Apologies here to a boatload of All-Stars: two-sport Bo, former Cy Young candidate Danny, reliever Grant, 194-game-winner Larry, even pre-Santo Cubs 3B Larry. While all these guys are nice candidates, there are two incumbents -- current Hall of Famers -- standing by. If we end up needing a shortstop, we can go to borderline inductee Travis Jackson, but clearly the very best candidate is --remember the Jefferson comment above? -- the straw who stirs the drink, a man who might well actually run for president someday, Reggie Jackson.

That's right, there's never been a Roosevelt who made it to the big leagues, but sho'nuff there's a Van Buren ... Edward "Deacon" Van Buren, who played in 14 games in 1904, splitting time between the Brooklyn Superbas (one at-bat) and the Philadelphia Phillies (43 AB), hitting .250 and stealing four bases in four attempts.

We get two from this undistinguished crop of seven Harrisons to make the bigs, thanks to the equally undistinguished presence of both Benjamin and William Henry on the presidentail roll call. There's even a "Ben" Harrison who got two at-bats for (naturally) the Senators in 1901, but his real name was Leo, of all things. The best of the rest is RHRP Roric Harrison, who was 30-35 mostly with Orioles and Braves in the early 1970s. The second-best -- and we're really bottom of the pork barrell scraping here -- is Chuck Harrison, a 1B who hit .238 in 328 games from 1965-71 with Astros, and then the expansion Royals. All the other MLB Harrisons had cups of coffee; come to think of it, maybe to honor William Henry's 31 days as president, the shortest term ever by a wide margin, maybe we should go with RHRP Tom Harrison, who pitched one inning for 1965 kansas City A's and left the game with a career ERA of 9.00.

There are eight "Tylers" in MLB annals, but five of those are first names -- including the only All-Star, former Phillie "he was an All-Star?" Tyler Green. The other three Tylers all played for the Boston Braves, oddly enough -- including two who were teammates on the 1914 Miracle Braves Fred Tyler, who caught 19 games for the '14 champs, and George "Lefty" Tyler, who as you might guess was a LHSP, and a pretty good one who was 127-116 over 12 years, including 16-13 for the '14 Braves. Johnnie Tyler didn't come to Beantown until 1934-1935, when he played 19 games in the OF for the Braves, compiling a career average of (get this) .321. As nice as that is, if space permit, Lefty probably getst the Tyler space on our roster.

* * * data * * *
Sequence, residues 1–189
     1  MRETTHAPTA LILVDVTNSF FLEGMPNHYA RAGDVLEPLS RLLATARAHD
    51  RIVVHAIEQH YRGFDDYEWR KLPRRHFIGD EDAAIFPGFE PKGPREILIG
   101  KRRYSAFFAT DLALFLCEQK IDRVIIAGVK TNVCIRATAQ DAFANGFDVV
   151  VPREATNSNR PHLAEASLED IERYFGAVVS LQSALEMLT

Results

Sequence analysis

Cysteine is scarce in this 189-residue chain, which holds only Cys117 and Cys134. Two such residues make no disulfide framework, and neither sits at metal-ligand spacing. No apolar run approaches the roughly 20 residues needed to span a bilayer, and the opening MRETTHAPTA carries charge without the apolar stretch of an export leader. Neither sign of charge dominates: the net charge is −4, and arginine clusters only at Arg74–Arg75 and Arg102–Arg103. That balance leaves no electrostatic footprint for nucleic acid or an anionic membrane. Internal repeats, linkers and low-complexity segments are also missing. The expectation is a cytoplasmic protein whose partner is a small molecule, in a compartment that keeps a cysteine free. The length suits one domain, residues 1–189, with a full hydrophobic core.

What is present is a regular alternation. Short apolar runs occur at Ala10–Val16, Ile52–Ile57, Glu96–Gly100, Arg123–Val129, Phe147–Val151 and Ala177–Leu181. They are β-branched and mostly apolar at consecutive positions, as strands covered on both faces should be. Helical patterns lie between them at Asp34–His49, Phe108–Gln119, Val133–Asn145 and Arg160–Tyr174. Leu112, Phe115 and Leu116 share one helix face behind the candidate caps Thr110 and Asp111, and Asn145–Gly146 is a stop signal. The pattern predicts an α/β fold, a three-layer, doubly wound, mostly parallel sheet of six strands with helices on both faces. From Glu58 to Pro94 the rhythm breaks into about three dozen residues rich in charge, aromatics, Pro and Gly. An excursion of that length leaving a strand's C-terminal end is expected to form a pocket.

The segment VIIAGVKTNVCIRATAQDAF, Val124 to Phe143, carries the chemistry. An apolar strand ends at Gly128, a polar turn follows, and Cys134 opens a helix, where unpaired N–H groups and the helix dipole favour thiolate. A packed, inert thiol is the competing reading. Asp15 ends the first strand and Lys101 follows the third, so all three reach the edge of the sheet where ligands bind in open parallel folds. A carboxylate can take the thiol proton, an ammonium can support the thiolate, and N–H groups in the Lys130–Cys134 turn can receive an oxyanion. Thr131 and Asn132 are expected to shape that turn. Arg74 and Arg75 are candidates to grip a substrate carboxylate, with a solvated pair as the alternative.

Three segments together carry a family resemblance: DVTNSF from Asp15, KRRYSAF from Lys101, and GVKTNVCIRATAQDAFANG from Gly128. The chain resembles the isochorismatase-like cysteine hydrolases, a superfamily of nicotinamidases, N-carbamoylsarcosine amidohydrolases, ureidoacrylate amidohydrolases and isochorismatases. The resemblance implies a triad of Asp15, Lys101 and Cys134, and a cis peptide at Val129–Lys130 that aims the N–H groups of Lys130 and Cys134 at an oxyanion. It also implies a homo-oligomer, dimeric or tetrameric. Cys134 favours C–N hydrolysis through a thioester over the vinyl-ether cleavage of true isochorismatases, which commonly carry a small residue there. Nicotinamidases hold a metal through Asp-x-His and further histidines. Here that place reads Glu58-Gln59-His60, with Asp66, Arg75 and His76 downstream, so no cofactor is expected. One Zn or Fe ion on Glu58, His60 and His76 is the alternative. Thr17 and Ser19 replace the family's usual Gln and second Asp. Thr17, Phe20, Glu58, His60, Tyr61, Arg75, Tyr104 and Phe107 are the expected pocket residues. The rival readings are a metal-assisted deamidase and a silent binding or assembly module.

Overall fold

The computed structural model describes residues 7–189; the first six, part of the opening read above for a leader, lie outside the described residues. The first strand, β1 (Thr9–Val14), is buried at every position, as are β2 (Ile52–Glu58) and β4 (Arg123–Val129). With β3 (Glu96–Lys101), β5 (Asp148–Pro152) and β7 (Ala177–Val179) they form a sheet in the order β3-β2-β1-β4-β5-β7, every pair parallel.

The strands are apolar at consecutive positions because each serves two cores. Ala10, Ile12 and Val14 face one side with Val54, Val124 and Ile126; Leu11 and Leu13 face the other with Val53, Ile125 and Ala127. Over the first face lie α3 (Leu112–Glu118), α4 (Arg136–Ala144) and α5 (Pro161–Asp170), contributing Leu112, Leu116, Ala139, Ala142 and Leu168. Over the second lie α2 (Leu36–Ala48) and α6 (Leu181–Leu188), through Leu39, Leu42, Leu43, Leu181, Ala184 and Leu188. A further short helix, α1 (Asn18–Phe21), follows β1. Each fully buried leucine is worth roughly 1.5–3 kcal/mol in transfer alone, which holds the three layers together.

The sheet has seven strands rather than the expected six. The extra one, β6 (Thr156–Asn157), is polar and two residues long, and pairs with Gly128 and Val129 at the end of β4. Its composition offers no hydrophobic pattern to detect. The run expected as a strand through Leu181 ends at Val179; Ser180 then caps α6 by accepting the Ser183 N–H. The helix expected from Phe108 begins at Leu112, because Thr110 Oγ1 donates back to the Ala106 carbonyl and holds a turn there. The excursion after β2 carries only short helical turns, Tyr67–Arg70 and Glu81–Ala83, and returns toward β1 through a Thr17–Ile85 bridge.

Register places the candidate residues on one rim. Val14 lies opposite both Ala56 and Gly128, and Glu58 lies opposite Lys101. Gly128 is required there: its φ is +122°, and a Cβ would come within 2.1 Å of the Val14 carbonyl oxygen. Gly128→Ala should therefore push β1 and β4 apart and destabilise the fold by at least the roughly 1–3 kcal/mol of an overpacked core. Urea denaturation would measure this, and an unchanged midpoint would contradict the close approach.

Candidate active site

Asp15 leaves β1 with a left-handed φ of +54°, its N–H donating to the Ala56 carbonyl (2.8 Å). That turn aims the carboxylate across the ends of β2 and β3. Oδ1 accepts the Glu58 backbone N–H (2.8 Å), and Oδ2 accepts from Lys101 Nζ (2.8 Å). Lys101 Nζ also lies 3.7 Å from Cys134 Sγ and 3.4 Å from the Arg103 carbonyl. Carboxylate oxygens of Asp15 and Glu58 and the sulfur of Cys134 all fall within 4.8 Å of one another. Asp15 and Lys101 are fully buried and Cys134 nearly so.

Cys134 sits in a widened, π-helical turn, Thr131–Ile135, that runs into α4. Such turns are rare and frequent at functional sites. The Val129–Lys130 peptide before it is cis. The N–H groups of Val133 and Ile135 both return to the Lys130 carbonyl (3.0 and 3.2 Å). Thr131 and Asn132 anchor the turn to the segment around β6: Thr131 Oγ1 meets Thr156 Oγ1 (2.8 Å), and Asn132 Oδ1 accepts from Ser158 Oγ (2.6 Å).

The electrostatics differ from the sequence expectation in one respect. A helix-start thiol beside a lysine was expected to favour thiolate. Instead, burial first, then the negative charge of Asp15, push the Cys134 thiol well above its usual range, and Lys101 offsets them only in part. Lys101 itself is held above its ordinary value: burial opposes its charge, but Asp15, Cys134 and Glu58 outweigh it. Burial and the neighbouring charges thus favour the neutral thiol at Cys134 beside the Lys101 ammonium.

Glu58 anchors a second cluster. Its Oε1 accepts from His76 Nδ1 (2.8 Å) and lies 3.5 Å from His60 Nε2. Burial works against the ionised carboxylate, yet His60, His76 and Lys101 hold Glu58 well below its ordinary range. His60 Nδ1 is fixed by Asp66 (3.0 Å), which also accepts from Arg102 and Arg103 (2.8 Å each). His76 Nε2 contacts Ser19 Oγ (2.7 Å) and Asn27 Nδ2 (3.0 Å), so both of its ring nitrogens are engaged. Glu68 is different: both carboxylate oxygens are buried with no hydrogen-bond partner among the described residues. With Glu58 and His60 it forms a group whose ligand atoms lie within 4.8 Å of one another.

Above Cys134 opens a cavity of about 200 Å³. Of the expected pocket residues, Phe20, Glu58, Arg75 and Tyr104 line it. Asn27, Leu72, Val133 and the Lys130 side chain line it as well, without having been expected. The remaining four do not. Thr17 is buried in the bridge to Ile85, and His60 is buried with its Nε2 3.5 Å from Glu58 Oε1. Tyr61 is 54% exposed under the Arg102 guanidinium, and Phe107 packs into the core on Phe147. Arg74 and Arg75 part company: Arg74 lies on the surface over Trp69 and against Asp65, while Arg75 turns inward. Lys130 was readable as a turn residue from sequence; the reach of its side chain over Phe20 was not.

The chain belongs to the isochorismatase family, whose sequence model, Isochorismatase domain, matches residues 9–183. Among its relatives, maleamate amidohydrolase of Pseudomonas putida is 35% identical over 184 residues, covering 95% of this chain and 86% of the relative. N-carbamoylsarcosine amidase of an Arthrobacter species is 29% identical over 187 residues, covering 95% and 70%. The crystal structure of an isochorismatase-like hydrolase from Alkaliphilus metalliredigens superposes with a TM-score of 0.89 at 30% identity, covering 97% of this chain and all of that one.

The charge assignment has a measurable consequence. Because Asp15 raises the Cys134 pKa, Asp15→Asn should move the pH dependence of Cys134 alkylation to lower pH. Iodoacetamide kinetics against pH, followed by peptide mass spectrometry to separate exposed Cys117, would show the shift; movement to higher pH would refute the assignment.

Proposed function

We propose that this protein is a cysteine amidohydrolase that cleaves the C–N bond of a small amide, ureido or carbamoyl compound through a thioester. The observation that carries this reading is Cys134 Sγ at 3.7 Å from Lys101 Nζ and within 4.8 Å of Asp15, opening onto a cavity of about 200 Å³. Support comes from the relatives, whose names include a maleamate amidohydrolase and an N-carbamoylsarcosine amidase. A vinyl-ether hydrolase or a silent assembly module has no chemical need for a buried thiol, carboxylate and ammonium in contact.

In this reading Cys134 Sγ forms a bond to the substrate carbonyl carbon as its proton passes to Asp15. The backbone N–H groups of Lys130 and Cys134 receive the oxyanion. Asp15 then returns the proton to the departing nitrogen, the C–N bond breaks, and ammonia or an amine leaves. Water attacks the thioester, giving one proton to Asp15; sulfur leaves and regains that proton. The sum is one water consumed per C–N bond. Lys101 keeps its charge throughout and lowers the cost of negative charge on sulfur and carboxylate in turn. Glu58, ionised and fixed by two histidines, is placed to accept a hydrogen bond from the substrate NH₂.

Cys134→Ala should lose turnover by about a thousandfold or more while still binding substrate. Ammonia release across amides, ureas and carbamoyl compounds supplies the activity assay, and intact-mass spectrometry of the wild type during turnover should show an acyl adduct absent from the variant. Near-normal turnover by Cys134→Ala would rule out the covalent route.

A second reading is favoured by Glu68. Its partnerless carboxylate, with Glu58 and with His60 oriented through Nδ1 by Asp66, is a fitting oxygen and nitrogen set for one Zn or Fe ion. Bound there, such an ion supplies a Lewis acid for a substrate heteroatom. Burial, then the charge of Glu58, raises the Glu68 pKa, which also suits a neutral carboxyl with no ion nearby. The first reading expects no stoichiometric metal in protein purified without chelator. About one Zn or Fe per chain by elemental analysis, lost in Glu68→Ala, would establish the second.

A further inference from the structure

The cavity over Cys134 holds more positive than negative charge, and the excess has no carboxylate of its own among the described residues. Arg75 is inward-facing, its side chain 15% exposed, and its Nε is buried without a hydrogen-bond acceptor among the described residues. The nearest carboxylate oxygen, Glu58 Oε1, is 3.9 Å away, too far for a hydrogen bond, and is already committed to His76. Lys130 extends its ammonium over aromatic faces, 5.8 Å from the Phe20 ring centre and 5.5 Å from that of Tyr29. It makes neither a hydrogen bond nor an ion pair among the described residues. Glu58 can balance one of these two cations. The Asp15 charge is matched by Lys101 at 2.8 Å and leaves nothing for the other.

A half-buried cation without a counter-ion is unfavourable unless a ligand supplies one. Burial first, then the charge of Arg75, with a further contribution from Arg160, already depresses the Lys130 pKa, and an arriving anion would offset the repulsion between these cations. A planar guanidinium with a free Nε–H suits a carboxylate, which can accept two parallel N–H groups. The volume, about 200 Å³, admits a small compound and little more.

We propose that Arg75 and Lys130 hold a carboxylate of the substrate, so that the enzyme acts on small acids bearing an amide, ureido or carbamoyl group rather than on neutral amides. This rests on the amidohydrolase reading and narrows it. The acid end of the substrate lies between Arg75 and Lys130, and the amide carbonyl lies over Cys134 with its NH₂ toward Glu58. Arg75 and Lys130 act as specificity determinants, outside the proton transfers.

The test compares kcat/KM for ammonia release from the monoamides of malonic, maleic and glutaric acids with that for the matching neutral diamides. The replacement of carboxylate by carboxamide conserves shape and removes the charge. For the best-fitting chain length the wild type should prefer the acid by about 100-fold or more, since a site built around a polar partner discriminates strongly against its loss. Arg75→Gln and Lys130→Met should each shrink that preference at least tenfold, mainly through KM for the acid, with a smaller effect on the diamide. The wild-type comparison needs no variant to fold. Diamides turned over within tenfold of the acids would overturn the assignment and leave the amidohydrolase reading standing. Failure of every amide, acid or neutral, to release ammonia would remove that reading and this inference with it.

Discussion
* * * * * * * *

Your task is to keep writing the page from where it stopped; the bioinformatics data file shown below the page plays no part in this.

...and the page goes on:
Of the 47 Taylors to play big league ball (not including the four with Taylor as a first name), there actually was one named Zachary Taylor, but his presidential name earned him just 48 at-bats in 13 games with 1874 Baltimore Canaries; Zack Taylor, was a semi-regular catcher for several NL teams over 16 years ending in 1935, but his real name was "James Wren Taylor." The best of the many other Taylor-made candidates is former All-Star 2B Tony Taylor, who actually played every position except pitcher and catcher in his 19-year career, mostly with the Phillies. His versatility will probably land him somewhere on this team.

There have been eight Pierces to put on the uniform, but clearly the best is All-Star LHSP Billy Pierce, a Detroit native who joined the Tigers as a teenager near the end of WWII, then went on to post a 211-169 career mark, mostly with the White Sox, before ending up with the Giants in the mid-'60's. He won 20 games in a single season twice, while reaching double digits in wins 11 times overall.

Two of the three Buchanans eligible were pitchers named Bob and Jim who sported career ERA+'s of 39 and 73 (not so) respectively. That leaves us with OF Brian "Buck" Buchanan, the former NYY farmhand who was part of Guzman-Milton-Knoblauch trade in 1998 and who has had some nice moments with the Twins and Padres; he is now with the Mets.

There have been just two Lincolns -- Ezra, a LHSP who was 3-14 for the 1890 Syracuse Stars and Cleveland Spiders and current St. Louis RHRP Mike Lincoln, who has cobbled together a 13-24 mark with the Twins, Pirates and Cards. "The Killer Inside" concludes that Mike is "Better Than Ezra."

Apologies to former All-Stars Alex, Billy, Bob, Charles, Davey, Don, Howard, Lance and even HOF 3B Judy Johnson and the other 89 Johnsons out there; we'll go with Walter and Randy.

Ten of the 20 MLB Grants take it as a first name; the best of the presidential namesake lot is clearly All-Star RHSP Jim "Mudcat" Grant, the first African-American to post a 20-win season in the A.L., when he was 21-7 for the 1965 AL Champion Twins, then beat the Dodgers twice in the World Series.

Nine men named Hayes ... there's a "Number nine ... number nine ... Purple Hayes" joke in here somewhere, but I don't want to work that hard. One is former Philadelphia A's All-Star backstop Frankie hayes, who slammed 119 career homers; former 3B Charlie Hayes belted 144 dingers, but never made an All-Star team. The best emerging from the, uh, haze, is former Indians uber-prospect Von Hayes, who played 1B/3B/OF and made a couple of All-Star teams with the Phillies, but who is best remembered as being the "one" in the five-for-one deal where the Indians turned him into Manny Trillo, George Vukovich, Jay Baller, Julio Franco, and Jerry Willard.

Our choices are limited to one: RHSP Bill Garfield, who was 1-9 with the 1889 Pittsburgh Alleghenys and 1890 Cleveland Spiders. Given the pitching depth we've already added, this guy seems destined for the AAA ("All-Vice-Presidents"?) squad.